John and Peter were my classmates in high school; both were talkative and constantly used to engage in arguments about everything. Sometimes, their arguments would stem from what would appear petty to most of us and stop at one second shy of a physical fight. They would use a lot of energy with each trying to prove the other wrong. One day, they actually fought, but this fight taught us a timeless lesson. They began arguing about the color of a geometrical set with each of them clearly convinced that the other was wrong; John said the set was golden in color while Peter held the position that it was reddish. It was not long before they started calling each other names which culminated into a few blows at each other.
It was our mathematics teacher who saw them and came and address the matter; after all, he was the duty master. Before administering punishment to them (fighting was considered gross misconduct), he decided to listen to each of them and then teach them (and the whole class) a lesson about life. He sought to understand why they were fighting only for them to produce a geometrical set whose color they were conflicting upon. It was even more hilarious when a female teacher who was passing by came and confirmed that none of them was right on the colors (you know men and colors). That is beside the point. It was what the duty master did afterwards that I still remember and value.
He (the duty master) sent for some paper in his office and requested the rest of us to be seated as only John and Peter remained standing. He placed the paper on the table and requested the fighting buddies to each stand on one side of that table. He then asked Peter what color the paper was, to which Peter said, “white.” “What?” John shouted. “I told you this guy is daft, how can he say that something which is clearly black, is white? This guy is colorblind!” the teacher urged John to take it easy before requesting them to switch places. This time he began by asking John what color the paper was. John became hesitant, his eyes opened widely even as he seemed to develop an unprecedented stammering tendency. Finally and in a humbled way, he said, “white.”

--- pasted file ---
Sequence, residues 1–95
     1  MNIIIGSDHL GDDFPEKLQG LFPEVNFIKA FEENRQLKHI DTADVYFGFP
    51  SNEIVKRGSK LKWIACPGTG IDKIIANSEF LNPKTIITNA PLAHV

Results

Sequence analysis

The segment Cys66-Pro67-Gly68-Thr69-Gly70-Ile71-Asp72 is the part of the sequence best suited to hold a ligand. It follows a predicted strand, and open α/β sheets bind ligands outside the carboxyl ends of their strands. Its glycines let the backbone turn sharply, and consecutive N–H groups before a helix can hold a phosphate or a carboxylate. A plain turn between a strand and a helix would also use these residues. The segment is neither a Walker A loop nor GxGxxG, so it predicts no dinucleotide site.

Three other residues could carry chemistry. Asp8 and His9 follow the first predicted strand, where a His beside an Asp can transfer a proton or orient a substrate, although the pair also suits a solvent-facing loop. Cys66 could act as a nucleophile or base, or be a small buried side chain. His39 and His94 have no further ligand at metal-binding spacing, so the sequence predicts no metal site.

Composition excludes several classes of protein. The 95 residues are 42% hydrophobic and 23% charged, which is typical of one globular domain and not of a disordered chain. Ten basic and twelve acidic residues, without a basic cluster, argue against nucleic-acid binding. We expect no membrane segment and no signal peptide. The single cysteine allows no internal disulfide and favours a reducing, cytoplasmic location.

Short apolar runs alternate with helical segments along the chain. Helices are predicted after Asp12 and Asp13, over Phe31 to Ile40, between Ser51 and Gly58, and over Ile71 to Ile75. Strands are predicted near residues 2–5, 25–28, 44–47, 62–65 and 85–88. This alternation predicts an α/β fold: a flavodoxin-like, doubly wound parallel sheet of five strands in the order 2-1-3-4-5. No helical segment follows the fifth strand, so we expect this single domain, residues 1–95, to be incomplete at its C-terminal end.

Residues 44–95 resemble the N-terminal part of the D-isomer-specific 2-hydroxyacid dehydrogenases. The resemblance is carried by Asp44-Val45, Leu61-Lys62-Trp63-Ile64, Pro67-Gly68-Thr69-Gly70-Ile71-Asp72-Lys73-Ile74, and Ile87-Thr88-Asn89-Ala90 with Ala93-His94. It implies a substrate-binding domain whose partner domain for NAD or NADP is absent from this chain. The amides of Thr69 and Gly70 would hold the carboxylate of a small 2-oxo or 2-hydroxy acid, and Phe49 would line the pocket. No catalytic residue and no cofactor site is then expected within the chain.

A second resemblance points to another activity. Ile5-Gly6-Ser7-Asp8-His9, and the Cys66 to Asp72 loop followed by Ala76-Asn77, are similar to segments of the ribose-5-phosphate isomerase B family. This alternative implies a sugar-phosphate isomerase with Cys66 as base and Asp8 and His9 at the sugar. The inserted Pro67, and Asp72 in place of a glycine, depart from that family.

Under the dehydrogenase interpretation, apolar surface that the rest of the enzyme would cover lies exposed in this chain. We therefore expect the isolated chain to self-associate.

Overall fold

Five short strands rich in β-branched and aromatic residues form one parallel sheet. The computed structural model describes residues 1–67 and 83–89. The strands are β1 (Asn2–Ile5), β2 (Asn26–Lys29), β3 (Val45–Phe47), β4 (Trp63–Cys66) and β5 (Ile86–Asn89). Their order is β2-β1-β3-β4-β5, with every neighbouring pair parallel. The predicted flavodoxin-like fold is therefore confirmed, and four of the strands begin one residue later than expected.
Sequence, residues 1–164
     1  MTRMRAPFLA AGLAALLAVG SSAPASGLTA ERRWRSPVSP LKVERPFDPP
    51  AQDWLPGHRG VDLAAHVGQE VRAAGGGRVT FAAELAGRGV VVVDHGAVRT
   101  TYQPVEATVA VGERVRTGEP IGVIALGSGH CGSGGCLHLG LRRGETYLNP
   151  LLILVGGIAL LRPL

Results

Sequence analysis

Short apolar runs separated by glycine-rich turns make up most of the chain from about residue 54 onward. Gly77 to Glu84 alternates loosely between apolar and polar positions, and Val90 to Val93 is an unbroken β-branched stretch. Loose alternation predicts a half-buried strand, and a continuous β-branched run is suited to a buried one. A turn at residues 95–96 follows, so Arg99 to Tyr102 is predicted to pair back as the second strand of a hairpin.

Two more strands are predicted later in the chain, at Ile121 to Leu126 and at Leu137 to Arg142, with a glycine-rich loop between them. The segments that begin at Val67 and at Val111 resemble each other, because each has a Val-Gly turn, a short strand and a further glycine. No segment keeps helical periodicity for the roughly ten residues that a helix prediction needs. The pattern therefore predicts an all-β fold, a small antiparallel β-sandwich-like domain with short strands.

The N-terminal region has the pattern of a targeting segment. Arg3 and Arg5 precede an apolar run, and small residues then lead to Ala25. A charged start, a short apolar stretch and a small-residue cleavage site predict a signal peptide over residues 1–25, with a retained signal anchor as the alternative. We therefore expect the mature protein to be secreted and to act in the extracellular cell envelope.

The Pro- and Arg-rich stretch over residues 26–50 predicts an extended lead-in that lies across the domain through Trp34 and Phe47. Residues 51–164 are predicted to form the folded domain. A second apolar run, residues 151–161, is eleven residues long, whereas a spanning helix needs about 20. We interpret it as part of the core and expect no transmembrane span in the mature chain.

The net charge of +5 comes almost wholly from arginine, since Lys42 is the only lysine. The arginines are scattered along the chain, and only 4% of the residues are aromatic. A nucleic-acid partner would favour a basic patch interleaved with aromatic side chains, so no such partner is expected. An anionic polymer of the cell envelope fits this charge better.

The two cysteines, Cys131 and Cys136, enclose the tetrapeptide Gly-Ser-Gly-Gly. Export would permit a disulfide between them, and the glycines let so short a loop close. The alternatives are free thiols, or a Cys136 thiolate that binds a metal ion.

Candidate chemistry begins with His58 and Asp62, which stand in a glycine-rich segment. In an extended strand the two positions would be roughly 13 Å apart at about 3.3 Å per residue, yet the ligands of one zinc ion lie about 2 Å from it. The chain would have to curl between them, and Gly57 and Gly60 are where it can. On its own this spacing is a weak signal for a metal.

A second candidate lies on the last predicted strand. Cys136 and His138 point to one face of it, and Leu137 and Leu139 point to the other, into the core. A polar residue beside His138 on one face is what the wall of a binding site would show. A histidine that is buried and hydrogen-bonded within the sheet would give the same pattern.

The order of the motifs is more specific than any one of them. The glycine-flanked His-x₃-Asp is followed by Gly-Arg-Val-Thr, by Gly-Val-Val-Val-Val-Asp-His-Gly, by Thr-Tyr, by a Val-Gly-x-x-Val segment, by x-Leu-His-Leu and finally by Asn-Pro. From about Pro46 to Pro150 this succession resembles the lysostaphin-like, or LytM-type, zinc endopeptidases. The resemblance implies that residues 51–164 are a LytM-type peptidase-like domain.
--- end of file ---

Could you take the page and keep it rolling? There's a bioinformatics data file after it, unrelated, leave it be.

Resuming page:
The teacher turned to us, “you see, Peter was not wrong after all. John too was not wrong in his choice of color. This paper camouflages the white and black colors depending on which side you see it from. John’s only undoing was to rush into insults without considering Peter’s point of view.” That was profound! Both John and Peter found themselves unanimously singing the chorus, “I’m sorry.”
Have you judged people harshly based on your stand point? Have you reprimanded others for being wrong according to your definition of what is right? Have you trashed your subordinate’s explanations simply because they did not make sense in your world of senses? Have you branded your spouse a ‘slow coach’ because they seem to do things whose explanations you cannot understand? Have you had to shut up your kids and even accused them of disobedience when they tried to explain why they did that which you considered a felony? Well, what if they are right? What if you took time to understand things from their view point; is their likelihood that you could see the same things they saw?
You may be a victim of this from different quotas; it just happens that most people suffer from partiality syndrome. Most people only see the side that favors them; they only view life from their vantage point without a dot of care to understand the view point of the next person. There is nothing as an absolute wrong view in this life; we all have a story, we all have an explanation. The world would be much better if we cared to listen to the other person’s perspective and make sense based on their stand point.
The danger of seeing things only from your view point is that the other person might withdraw and go into silence which has its detrimental ramifications. They burn slowly in pain and feel rejected and not understood while you miss out on the possible lessons that the other person’s explanation would have imparted on you. We live in a learning world and only those who are prepared to learn, excel. Learn to empathize with others just before you rush into conclusions; you may save and build an important relationship. Be a good listener and try as much as you can to put yourself in the other person’s shoes; always seek to understand and not to be understood and just as our teacher demonstrated, you might avoid a conflict. Do not be full of yourself because YOU CAN DO BETTER!
Motivational Speaker and Author.